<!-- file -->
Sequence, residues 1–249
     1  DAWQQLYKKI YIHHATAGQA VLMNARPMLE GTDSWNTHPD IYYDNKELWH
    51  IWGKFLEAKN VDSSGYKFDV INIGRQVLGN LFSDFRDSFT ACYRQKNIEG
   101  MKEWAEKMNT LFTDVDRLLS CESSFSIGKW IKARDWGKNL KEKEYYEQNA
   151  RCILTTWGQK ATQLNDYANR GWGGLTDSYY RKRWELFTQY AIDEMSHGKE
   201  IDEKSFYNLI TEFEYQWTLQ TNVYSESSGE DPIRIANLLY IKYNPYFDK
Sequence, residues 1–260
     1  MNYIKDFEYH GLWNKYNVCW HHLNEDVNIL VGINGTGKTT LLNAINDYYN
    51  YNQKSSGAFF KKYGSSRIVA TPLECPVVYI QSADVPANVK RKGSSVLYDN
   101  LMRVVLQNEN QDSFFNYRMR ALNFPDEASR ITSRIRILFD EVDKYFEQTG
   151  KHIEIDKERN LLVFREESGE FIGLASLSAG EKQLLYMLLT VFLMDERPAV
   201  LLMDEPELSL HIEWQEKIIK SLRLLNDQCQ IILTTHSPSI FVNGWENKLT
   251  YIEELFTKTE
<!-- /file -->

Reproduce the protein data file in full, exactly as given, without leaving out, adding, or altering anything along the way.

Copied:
Sequence, residues 1–249
     1  DAWQQLYKKI YIHHATAGQA VLMNARPMLE GTDSWNTHPD IYYDNKELWH
    51  IWGKFLEAKN VDSSGYKFDV INIGRQVLGN LFSDFRDSFT ACYRQKNIEG
   101  MKEWAEKMNT LFTDVDRLLS CESSFSIGKW IKARDWGKNL KEKEYYEQNA
   151  RCILTTWGQK ATQLNDYANR GWGGLTDSYY RKRWELFTQY AIDEMSHGKE
   201  IDEKSFYNLI TEFEYQWTLQ TNVYSESSGE DPIRIANLLY IKYNPYFDK
Sequence, residues 1–260
     1  MNYIKDFEYH GLWNKYNVCW HHLNEDVNIL VGINGTGKTT LLNAINDYYN
    51  YNQKSSGAFF KKYGSSRIVA TPLECPVVYI QSADVPANVK RKGSSVLYDN
   101  LMRVVLQNEN QDSFFNYRMR ALNFPDEASR ITSRIRILFD EVDKYFEQTG
   151  KHIEIDKERN LLVFREESGE FIGLASLSAG EKQLLYMLLT VFLMDERPAV
   201  LLMDEPELSL HIEWQEKIIK SLRLLNDQCQ IILTTHSPSI FVNGWENKLT
   251  YIEELFTKTE